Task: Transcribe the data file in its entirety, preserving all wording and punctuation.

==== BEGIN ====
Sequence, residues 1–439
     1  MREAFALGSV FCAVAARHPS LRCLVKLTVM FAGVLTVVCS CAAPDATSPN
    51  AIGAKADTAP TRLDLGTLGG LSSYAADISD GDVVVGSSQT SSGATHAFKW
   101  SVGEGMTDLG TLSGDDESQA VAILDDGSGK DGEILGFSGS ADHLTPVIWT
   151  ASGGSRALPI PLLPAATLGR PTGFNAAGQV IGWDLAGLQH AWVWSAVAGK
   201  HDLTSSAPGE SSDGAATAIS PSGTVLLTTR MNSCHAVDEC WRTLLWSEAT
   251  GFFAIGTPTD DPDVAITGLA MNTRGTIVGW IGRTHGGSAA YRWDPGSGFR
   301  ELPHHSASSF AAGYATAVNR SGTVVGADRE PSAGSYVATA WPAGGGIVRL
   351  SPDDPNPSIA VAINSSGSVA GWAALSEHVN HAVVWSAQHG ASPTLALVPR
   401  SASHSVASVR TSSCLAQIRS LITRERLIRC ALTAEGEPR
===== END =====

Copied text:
Sequence, residues 1–439
     1  MREAFALGSV FCAVAARHPS LRCLVKLTVM FAGVLTVVCS CAAPDATSPN
    51  AIGAKADTAP TRLDLGTLGG LSSYAADISD GDVVVGSSQT SSGATHAFKW
   101  SVGEGMTDLG TLSGDDESQA VAILDDGSGK DGEILGFSGS ADHLTPVIWT
   151  ASGGSRALPI PLLPAATLGR PTGFNAAGQV IGWDLAGLQH AWVWSAVAGK
   201  HDLTSSAPGE SSDGAATAIS PSGTVLLTTR MNSCHAVDEC WRTLLWSEAT
   251  GFFAIGTPTD DPDVAITGLA MNTRGTIVGW IGRTHGGSAA YRWDPGSGFR
   301  ELPHHSASSF AAGYATAVNR SGTVVGADRE PSAGSYVATA WPAGGGIVRL
   351  SPDDPNPSIA VAINSSGSVA GWAALSEHVN HAVVWSAQHG ASPTLALVPR
   401  SASHSVASVR TSSCLAQIRS LITRERLIRC ALTAEGEPR